Some of the Sansi villages are very small, containing only one or two extended families. The Sansi villages that are located near other Sindh villages usually remain isolated. The Sansi have very little in the way of wealth, and their traditional plaster houses are cramped and dirty. Today, some of them are building houses that have more rooms so joint family living will not be so congested.

For the Sansi who are Hindus, Brahmans (Hindu priests and scholars) make up the highest caste. The "scheduled castes," which include most Sansi, make up the lowest social class. The Hindu Sansi are divided into patriarchal clans, which means that the father is the head of the family.

The standards of education, health, and diet are very poor among the Sansi. They also lack quality drinking water. Unfortunately, many of the Sansi have become alcoholics. Though poor, the Sansi have a rich folklore history, which they have passed on to their children through verbal tales.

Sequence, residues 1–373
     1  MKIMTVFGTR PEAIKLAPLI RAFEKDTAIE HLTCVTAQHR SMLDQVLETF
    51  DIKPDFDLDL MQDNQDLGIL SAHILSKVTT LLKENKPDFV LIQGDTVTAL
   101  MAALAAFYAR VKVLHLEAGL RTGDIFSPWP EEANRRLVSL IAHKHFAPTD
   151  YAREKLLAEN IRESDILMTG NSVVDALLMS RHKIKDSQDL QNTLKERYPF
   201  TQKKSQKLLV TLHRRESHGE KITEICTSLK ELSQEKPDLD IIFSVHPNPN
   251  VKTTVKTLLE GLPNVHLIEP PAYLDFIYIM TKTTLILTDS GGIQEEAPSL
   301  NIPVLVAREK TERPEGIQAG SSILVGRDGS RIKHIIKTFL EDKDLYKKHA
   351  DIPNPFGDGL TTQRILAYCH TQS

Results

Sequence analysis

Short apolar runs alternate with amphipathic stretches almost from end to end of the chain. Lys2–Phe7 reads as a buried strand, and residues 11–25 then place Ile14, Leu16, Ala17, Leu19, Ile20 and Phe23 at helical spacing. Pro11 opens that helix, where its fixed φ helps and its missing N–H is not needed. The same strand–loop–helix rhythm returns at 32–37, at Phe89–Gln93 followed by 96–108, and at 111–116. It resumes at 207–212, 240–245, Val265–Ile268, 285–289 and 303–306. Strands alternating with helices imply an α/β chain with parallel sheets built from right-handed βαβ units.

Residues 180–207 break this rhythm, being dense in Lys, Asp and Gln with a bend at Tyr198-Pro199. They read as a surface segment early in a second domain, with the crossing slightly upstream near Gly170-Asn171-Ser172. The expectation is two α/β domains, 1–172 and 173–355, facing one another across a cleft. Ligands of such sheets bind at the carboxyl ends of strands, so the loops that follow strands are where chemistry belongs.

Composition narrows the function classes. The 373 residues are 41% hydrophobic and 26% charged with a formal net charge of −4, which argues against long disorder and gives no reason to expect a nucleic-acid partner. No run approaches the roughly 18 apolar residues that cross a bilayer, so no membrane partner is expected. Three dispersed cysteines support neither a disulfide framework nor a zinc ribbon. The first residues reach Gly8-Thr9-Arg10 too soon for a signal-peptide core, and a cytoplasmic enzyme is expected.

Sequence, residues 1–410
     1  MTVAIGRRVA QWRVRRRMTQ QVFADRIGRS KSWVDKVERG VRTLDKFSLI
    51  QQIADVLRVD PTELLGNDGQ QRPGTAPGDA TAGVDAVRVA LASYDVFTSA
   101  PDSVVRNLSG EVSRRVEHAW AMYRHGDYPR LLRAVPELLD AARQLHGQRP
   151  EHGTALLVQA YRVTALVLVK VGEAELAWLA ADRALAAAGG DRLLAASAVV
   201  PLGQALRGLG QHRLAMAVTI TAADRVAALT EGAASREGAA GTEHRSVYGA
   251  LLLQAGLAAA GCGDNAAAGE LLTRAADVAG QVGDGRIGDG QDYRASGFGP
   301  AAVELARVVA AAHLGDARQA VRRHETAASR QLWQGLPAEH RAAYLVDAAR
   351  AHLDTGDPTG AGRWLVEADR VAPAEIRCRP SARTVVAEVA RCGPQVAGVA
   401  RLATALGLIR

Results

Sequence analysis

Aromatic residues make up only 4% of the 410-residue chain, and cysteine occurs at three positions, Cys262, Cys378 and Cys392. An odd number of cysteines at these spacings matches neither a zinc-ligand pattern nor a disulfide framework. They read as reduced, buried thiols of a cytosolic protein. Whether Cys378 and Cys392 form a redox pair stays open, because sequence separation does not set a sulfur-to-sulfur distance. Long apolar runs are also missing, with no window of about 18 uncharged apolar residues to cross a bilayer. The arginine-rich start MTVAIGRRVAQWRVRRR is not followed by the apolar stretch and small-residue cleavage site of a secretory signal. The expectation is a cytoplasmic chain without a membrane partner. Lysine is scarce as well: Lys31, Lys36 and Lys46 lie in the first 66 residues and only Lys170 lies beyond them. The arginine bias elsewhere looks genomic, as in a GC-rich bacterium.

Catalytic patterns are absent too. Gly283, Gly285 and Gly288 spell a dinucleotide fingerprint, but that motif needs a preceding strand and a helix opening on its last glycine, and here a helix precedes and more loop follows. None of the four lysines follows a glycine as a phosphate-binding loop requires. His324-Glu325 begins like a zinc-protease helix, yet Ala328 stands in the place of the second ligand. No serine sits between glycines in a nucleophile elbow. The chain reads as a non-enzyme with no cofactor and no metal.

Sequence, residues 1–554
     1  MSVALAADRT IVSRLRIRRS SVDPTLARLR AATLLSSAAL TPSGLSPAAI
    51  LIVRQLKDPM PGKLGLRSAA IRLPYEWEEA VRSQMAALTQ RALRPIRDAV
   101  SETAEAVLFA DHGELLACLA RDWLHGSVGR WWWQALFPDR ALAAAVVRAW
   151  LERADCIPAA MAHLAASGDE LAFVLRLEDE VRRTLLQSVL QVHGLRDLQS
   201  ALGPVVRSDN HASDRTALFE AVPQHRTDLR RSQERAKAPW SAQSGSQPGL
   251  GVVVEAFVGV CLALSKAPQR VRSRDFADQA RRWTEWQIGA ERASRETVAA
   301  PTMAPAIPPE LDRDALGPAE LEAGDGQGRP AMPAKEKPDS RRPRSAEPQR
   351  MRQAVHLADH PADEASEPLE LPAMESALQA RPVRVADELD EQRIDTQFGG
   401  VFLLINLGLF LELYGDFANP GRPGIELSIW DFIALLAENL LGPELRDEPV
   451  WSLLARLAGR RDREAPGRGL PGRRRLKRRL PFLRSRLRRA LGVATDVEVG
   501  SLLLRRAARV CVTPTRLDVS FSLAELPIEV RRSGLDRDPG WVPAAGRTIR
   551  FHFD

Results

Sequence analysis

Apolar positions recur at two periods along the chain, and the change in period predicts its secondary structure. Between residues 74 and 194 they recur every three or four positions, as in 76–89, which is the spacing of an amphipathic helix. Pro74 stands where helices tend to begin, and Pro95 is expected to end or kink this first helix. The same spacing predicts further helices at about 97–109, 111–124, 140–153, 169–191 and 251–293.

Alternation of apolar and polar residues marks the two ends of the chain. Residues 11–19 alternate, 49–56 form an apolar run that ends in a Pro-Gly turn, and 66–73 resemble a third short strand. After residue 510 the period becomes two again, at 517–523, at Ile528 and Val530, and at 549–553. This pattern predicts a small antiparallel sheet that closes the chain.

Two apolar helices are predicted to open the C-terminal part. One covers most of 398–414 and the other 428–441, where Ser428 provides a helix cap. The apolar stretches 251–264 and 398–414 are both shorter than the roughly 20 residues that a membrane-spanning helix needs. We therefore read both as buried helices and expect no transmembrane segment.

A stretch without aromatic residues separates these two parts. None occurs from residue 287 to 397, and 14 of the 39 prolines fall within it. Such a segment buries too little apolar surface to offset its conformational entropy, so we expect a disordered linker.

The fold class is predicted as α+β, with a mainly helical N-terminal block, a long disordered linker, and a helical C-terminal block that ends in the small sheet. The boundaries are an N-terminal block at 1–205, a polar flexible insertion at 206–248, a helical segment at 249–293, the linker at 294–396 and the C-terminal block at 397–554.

What are their beliefs?
While many of the Sansi who immigrated from India to Pakistan in 1947 quickly became Muslims, others maintained their Hindu traditions, which include superstitions, omens, and fears. For Hindus, all animate and inanimate objects may be the abode of all sorts of spirits. They are extremely fearful of the spirit of a person who dies suddenly and of the "evil eye," a jealous look that carries a curse with it.

What are their needs?
The Sansi desperately need to be socially educated. Spiritually, their greatest need is justice—to be treated as valuable people and lifted out of oppression and depression. Only God can bring inner healing to the Sansi and give them the stability and security they have needed for so long.

Few Christian resources, including the Bible, are available in the Sansi language. Neither the Jesus film nor Christian broadcasts have been translated into Sansi. No missions agencies are currently working among these desperately needy people.

Prayer Points

  • Ask the Lord of the harvest to send forth laborers to live and work among the Sansi Bhil of Pakistan.